Police and Guns are Not the Real Problems
More lives will be lost until we deal with the real goblins that threaten us.
Posted Oct 25, 2017
One Halloween my 3-year-old grandson received a pair of monster slippers from his maternal grandparents. When my daughter-in-law put the slippers on his feet, he immediately insisted she take them off. He didn’t like to look at them. They were “too, too scary.”
As adults, we are not so different. When faced with serious problems, we often grasp for simple explanations, and seemingly straightforward solutions. The bigger picture, with problems that are much more difficult to resolve, may be just “too, too scary” to face. For example:
When my son first exhibited the prodromal signs of schizophrenia, mental illness never crossed my mind. During a weekend visit home in the fall of his sophomore year at college, he talked nonstop. The words fit together in sentences, but the sentences didn’t fit together into coherent thoughts. When he finally finished rambling, I was not sure what he had said, if anything at all. But I told myself that he was just excited about all the new ideas he was being exposed to at the university.
When the incessant talking gave way to emotional outbursts, erratic behavior, and verbal abuse, it was no longer possible to find an innocent explanation. I recalled all the warnings about behavioral changes associated with illicit drug use, all the signs indicating that your teenager is using drugs. I assumed that he was experimenting with marijuana, cocaine, or something worse. I confronted him about the dangers of drugs, and lectured him about the permanent effects that drug use could have on his brain. I encouraged him to seek help, to just say no. Still, mental illness never crossed my mind.
When he was finally diagnosed with schizophrenia in a hospital emergency room, I was stunned. I focused on the details: how long would he be in the hospital, what medications was he taking, when could he go back to school. “The trick to forgetting the big picture is to look at everything close up.”  The reality, that my son had a serious mental illness, that he might never recover, that our lives had changed forever, was just too enormous to face at once. It was “too, too scary.”
The response is often similar when we, as citizens, are confronted with a crisis that reveals the enormity of problems we face. We tend to distract ourselves with (relatively) smaller issues, or (only) parts of the problem. We grasp at the quick fix, the straightforward solution. Is it because the underlying issues are too overwhelming to face? For example:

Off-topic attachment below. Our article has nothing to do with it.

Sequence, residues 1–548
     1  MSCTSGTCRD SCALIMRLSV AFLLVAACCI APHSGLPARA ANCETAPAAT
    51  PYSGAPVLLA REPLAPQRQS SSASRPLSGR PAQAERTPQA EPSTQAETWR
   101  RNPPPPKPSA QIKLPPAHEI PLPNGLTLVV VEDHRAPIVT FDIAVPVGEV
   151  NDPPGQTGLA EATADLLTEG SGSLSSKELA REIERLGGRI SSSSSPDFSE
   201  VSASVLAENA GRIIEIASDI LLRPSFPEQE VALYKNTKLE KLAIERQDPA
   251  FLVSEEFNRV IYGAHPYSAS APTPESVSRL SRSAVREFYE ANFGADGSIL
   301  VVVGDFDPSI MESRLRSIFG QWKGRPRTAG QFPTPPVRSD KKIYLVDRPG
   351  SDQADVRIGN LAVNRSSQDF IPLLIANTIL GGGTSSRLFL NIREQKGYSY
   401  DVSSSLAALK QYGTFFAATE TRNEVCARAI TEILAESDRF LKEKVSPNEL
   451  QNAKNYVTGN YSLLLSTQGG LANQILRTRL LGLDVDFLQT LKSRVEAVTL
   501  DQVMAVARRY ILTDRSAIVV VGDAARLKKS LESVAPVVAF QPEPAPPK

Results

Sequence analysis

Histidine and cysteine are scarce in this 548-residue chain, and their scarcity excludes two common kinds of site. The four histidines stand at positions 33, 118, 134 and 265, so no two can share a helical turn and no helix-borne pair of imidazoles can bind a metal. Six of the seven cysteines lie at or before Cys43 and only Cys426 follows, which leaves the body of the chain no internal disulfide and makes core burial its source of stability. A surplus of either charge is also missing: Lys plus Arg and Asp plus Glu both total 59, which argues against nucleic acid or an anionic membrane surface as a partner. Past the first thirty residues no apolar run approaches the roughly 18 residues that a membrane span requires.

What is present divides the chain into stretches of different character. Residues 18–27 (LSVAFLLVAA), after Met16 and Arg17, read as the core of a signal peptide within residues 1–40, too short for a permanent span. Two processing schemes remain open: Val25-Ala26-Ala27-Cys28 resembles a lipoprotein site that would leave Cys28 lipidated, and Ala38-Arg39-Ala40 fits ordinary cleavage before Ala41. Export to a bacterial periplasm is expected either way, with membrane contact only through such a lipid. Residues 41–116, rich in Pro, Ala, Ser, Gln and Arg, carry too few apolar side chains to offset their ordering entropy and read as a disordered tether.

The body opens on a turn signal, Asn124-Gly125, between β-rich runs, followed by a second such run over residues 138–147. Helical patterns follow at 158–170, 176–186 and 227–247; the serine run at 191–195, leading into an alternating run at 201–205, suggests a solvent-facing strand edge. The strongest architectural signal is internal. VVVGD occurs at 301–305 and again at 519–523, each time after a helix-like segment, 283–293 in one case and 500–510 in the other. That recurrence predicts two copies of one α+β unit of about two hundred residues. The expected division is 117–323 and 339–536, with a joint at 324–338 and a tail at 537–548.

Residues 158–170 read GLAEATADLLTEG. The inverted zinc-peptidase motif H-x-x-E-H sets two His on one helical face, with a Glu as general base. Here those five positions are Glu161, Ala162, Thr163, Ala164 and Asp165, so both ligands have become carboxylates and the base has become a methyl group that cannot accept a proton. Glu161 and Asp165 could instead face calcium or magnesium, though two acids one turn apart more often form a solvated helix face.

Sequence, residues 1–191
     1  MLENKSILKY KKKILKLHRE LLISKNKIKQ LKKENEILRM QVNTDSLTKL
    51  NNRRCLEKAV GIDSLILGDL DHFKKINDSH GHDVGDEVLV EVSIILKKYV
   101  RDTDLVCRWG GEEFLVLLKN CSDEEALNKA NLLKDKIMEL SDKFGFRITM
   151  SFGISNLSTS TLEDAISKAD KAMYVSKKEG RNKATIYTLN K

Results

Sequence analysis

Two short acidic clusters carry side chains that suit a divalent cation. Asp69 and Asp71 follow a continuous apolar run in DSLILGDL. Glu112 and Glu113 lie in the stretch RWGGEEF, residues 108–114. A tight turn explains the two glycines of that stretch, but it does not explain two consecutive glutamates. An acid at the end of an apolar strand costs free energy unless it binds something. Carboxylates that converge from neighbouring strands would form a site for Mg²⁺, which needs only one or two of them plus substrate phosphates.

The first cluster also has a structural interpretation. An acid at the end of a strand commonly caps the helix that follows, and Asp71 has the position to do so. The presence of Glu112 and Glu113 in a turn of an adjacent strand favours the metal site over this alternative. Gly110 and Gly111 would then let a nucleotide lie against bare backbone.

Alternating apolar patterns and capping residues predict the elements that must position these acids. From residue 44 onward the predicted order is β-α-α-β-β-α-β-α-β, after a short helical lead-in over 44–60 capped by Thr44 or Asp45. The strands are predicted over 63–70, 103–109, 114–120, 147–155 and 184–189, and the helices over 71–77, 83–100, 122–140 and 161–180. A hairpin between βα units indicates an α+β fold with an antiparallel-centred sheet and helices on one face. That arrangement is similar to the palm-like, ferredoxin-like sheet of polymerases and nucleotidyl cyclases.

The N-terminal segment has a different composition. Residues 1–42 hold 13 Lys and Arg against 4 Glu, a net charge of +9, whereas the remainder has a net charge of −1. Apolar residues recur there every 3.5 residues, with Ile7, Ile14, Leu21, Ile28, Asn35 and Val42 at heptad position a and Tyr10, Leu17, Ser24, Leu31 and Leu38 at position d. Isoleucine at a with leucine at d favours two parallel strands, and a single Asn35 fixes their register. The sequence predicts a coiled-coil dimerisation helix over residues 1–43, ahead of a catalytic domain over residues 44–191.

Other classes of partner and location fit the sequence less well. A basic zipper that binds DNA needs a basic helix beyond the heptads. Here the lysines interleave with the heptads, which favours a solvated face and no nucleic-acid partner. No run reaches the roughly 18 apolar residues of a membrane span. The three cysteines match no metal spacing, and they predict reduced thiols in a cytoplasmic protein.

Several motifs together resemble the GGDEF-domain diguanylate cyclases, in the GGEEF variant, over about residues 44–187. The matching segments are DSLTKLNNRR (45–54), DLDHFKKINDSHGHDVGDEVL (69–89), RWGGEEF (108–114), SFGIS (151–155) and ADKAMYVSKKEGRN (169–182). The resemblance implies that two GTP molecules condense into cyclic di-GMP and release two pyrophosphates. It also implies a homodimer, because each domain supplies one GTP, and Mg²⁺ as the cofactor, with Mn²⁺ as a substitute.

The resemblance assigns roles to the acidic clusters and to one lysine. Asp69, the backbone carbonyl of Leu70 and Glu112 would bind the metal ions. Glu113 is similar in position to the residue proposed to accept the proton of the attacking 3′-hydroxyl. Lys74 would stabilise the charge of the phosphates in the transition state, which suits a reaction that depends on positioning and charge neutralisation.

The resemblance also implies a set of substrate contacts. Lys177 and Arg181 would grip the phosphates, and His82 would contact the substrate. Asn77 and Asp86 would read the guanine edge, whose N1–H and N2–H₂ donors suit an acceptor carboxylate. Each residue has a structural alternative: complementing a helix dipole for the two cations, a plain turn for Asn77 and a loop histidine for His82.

A judge in St. Louis recently found Jason Stockley, an ex-police officer, not guilty in the 2011 shooting of Anthony Lamar Smith. In the aftermath of the verdict, more than 80 people were arrested, and nine police officers wounded, in four nights of violent protests.
It is a tragedy whenever any person, black, or white, or brown, is killed. But, by looking close up at this case, are we being distracted from the bigger picture? In 2016,
- 135 police officers were killed in the line of duty 
- 233 black people were shot and killed by police 
- 7,881 black people were murdered in the U.S. overall 
- 762 people were murdered in Chicago alone. The vast majority of victims were young black men, and the vast majority of killings were gang-related. 
Less than 3 percent of black homicide victims in 2016 were killed by police, yet they seem to get much more attention from the media and protesters than the greater number of killings in our inner cities that do not involve police officers. Why? Is it because the problem of gang violence on the South Side of Chicago is too scary to face?
Similarly, whenever there is a mass shooting such as occurred in Las Vegas a few weeks ago, the media and politicians immediately gravitate to a debate over stricter gun control laws. In the current iteration of the debate, the demand is that bump fire stocks be banned. (Bump stocks are used to modify a semi-automatic weapon so that it fires more rapidly.) Legislation banning the bump stocks was recently introduced in the House of Representatives.